Lord Haskel claimed that many members of the tax avoidance industry were the very same people who continuously called for tax simplification.
The debate was sparked by former English ICA president Baroness Noakes who enquired how the government would respond to ICAEW’s Tax Manifesto and then questioned whether it was committed, in any sense, to tax simplification.
In response, Lord McIntosh of Haringey said he agreed with several of the 10 tax tenants contained in the ICAEW’s report, and called the report ‘interesting’ and ‘worthwhile’. However he disagreed with Baroness Noakes’ accusation that the 600-page Finance Bill was too complex, saying the length of the Bill was no indication of its value.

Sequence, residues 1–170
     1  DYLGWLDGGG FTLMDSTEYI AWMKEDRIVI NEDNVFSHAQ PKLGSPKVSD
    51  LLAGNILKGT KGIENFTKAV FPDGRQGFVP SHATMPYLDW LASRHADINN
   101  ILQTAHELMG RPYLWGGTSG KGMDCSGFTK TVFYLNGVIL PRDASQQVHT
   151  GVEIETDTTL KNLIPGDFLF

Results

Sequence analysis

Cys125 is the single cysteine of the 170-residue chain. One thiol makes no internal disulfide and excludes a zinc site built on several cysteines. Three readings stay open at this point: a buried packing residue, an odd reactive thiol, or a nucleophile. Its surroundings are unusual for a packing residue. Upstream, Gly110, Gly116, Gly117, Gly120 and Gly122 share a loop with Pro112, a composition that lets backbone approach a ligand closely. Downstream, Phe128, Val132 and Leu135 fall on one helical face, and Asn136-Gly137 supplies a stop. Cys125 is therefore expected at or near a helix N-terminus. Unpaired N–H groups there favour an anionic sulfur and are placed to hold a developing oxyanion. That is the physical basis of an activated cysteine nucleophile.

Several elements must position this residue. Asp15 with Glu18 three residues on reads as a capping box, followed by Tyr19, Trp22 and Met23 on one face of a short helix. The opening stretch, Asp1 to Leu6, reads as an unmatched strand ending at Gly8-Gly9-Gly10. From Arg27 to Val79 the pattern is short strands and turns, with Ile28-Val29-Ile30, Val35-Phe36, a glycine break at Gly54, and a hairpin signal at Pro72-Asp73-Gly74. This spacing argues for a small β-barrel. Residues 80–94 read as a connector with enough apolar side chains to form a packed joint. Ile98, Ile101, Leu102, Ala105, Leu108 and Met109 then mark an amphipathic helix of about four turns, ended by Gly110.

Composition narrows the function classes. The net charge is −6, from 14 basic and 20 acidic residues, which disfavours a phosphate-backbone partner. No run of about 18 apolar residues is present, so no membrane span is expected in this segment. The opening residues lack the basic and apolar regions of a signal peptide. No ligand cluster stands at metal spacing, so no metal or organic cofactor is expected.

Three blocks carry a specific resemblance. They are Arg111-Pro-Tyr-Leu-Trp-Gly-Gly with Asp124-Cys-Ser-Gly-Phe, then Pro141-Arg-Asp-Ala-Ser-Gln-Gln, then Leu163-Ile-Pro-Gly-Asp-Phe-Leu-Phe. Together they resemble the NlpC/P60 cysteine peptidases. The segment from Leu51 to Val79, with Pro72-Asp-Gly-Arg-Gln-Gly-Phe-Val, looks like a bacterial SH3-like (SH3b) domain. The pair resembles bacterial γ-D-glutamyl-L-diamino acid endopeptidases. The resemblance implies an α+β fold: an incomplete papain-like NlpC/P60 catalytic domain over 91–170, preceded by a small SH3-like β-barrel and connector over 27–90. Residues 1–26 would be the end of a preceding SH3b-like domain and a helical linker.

Lord Haskel said it was in ‘taxpayers interests’ that tax law remained complex, as it countered the attempts of highly paid tax experts (compared to the lower wages of Inland Revenue tax officials) to minimise the burden.
Responding to comments made by Lord Goodhart that sections of the Bill were ‘largely useless’, Lord McIntosh said that if his committee tried to deal with each individual complaint about defects in the tax system, it would add to the present tax structure, without reforming it. He concluded by saying there was no ideal solution to the problem.
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